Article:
Saturday, July 24, 2010
Excerpts from an AP Post on July 21, 2010
The housing market, whose collapse pulled the economy into recession in late 2007, is stalling again.
In major markets across the country, home sales are deteriorating, inventories of unsold homes are piling up and builders are scaling back construction plans. The expiration of a federal home-buyers tax credit at the end of April is weighing on the market.
“The Tax Credit simply pulled demand forward. In my opinion, it was a huge use of tax payer dollars that acted as a short term band aid”
On Tuesday, the U.S. Census Bureau said single-family housing starts in June fell by 0.7%, to a seasonally adjusted annual rate of 454,000. The U.S. started 1.47 million homes in 2006, before the housing bubble popped.
Future construction looks even weaker. Permits for single-family starts fell 3% in June, following big declines in both May and April. "We're hovering at post-World War II lows," said Ivy Zelman, president of Zelman & Associates, a research firm.
Weitz- without a substantial pick up in construction, it will be nearly impossible for the job market to improve.
At the end of June, inventory was up 33% from year-ago levels in San Diego, and by 19% and 15% in Los Angeles and Orange County, Calif., respectively, according to data compiled by John Burns Real Estate Consulting. Rising inventory can lead to price declines later.(Weitz - See story in the Seattle area)
Even falling interest rates aren't enough to whet consumer appetites for housing. Last week, the average rate on a 30-year fixed-rate mortgage was quoted at 4.57%, according to Freddie Mac, the lowest since its survey began in 1971. But demand for home-purchase mortgages sits near 14-year lows, according to the Mortgage Bankers Association, down 44% over the past two months.
The government last fall extended tax credits worth up to $8,000 to home buyers who signed contracts by April 30, causing sales to surge early this year. Those buyers had until June 30 to close their sales until Congress, concerned that the backlog of sales wouldn't close in time, extended the deadline through September.
Analysts long expected the withdrawal of a federal tax credit, which had juiced sales, to lead to a slower-than-usual summer.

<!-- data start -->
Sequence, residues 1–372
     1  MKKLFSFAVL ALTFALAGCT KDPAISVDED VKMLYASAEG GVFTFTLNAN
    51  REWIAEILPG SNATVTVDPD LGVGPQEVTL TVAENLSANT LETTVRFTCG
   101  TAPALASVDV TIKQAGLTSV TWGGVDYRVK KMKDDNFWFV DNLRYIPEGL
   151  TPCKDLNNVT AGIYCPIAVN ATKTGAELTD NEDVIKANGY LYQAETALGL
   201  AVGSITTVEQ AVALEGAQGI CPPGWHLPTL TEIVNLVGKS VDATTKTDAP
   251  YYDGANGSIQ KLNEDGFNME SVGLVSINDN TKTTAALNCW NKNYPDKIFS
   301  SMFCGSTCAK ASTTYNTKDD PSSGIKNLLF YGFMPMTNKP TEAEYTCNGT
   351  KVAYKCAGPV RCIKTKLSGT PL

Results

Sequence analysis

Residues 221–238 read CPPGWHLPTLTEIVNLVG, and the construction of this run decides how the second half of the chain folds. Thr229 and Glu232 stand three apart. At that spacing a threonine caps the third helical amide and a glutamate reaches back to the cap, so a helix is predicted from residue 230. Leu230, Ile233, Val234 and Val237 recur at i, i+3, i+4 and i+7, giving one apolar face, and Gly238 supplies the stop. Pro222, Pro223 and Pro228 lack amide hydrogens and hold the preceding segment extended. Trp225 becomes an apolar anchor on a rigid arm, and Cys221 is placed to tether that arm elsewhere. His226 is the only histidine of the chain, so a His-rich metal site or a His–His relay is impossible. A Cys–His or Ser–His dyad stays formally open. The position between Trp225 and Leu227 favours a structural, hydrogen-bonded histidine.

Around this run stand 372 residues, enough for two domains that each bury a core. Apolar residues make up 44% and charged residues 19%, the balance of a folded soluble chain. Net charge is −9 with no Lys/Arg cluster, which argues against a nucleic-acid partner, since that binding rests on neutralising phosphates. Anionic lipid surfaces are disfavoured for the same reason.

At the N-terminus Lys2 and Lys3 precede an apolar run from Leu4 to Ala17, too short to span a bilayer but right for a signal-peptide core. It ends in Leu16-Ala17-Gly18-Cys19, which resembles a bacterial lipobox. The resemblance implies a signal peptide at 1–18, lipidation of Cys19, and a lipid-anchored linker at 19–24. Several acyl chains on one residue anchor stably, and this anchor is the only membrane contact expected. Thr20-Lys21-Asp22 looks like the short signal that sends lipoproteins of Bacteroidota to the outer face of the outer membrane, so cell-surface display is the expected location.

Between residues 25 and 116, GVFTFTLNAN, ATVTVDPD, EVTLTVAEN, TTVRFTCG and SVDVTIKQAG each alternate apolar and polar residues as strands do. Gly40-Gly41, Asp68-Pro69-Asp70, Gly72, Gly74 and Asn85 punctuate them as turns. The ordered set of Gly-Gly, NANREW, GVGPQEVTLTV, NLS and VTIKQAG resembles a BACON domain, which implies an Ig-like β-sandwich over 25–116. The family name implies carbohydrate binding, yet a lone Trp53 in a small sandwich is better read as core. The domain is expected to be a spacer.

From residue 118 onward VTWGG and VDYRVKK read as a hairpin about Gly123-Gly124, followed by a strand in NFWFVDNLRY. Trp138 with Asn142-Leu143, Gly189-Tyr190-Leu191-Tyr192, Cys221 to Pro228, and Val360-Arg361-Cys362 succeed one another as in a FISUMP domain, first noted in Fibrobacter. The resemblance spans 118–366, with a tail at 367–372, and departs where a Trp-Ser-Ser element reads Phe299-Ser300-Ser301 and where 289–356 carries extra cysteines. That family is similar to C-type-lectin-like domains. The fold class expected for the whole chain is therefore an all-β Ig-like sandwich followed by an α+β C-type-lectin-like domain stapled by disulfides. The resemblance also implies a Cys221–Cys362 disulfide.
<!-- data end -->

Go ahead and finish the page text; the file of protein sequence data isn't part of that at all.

"It's the magnitude that's been the issue,'' says Douglas Duncan, chief economist at Fannie Mae. "The drop-off in activity has surpassed expectations.'' (Weitz - Not if you read our blog)
Reports should show that completed transactions of home sales held up through June. But newly signed contracts in May and June have plunged.
Low mortgage rates and falling prices have made homes more affordable in many markets than at any time in the past decade. But those affordability gains have been offset for many buyers by tighter lending standards, particularly for "jumbo" loans that are too large for government backing. Banks are requiring down payments of 20% and more and strong credit scores because they must hold jumbo loans in their portfolios.
More broadly, the housing market faces two big problems: too many homes and falling demand. More than seven million borrowers are 30 days or more past due on their mortgage payments or in some stage of foreclosure. Rising foreclosures will keep pressure on prices as banks put more homes on the market.
Weitz- I continue to believe that foreclosures will continue to rise as more and more folks turn to strategic defaults. Our policies, as a country, have favored the banks 100%. Many big banks received TARP money (which is often the only publicized tax payer handout). They also benefited from the PPIP program, and continue to benefit from the carry trade (borrowing at 0-1% from the Federal Reserve and investing in treasuries at 4% ....we should all be so lucky), as well as the repeal of 'mark to market' which has allowed the banks to lie their way to 'positive earnings'. Homeowners, conversely, are left paying debt service to banks based on prices that were artificially inflated by those very banks due to lack of lending standards, and creative (to put it kindly) financing structures so they could charge higher origination fees and get paid bigger bonuses.
Last month, nearly 39,000 borrowers received government-backed loan modifications, but more than 90,000 borrowers fell out of the program, the Obama administration said on Tuesday.
Moreover, the pool of potential buyers remains constrained by the unprecedented number of homeowners who are underwater, or who owe more than their homes are worth.
Mortgage-finance giants Fannie Mae and Freddie Mac also are starting to push more repossessed homes onto the market. The companies owned 164,000 homes at the end of March, up 80% from a year ago.
Another reason inventory is rising: "Unrealistic sellers have flooded the market" after reports of bidding wars and home-price increases earlier in the year, says Steven Thomas, president of Altera Real Estate, a brokerage in Orange County. The amount of time that homes there have sat on the market there has swelled to 3.78 months, up from 2.35 months in April.
"The sellers think the market's coming back. They've tacked on an extra 5 to 10 to 15%. The buyers aren't going for it," says Jim Klinge, a real-estate agent in Carlsbad, Calif. Over the next six months, "it's going to feel like a double-dip because sellers are going to have to lower their prices."
For more information on your rights in foreclosure, consider seeing a Washington Foreclosure Attorney.
Weitz Law Firm, PLLC
5400 Carillon Point, Bldg 5000
Kirkland, WA 98033
at 9:33 AM